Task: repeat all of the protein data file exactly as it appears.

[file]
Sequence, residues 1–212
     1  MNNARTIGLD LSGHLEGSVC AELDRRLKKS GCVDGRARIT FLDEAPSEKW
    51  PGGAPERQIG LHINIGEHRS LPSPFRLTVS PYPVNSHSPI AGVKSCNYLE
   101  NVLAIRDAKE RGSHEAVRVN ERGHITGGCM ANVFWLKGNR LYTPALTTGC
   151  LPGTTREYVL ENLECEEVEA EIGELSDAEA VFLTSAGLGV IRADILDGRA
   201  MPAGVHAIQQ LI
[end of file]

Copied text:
Sequence, residues 1–212
     1  MNNARTIGLD LSGHLEGSVC AELDRRLKKS GCVDGRARIT FLDEAPSEKW
    51  PGGAPERQIG LHINIGEHRS LPSPFRLTVS PYPVNSHSPI AGVKSCNYLE
   101  NVLAIRDAKE RGSHEAVRVN ERGHITGGCM ANVFWLKGNR LYTPALTTGC
   151  LPGTTREYVL ENLECEEVEA EIGELSDAEA VFLTSAGLGV IRADILDGRA
   201  MPAGVHAIQQ LI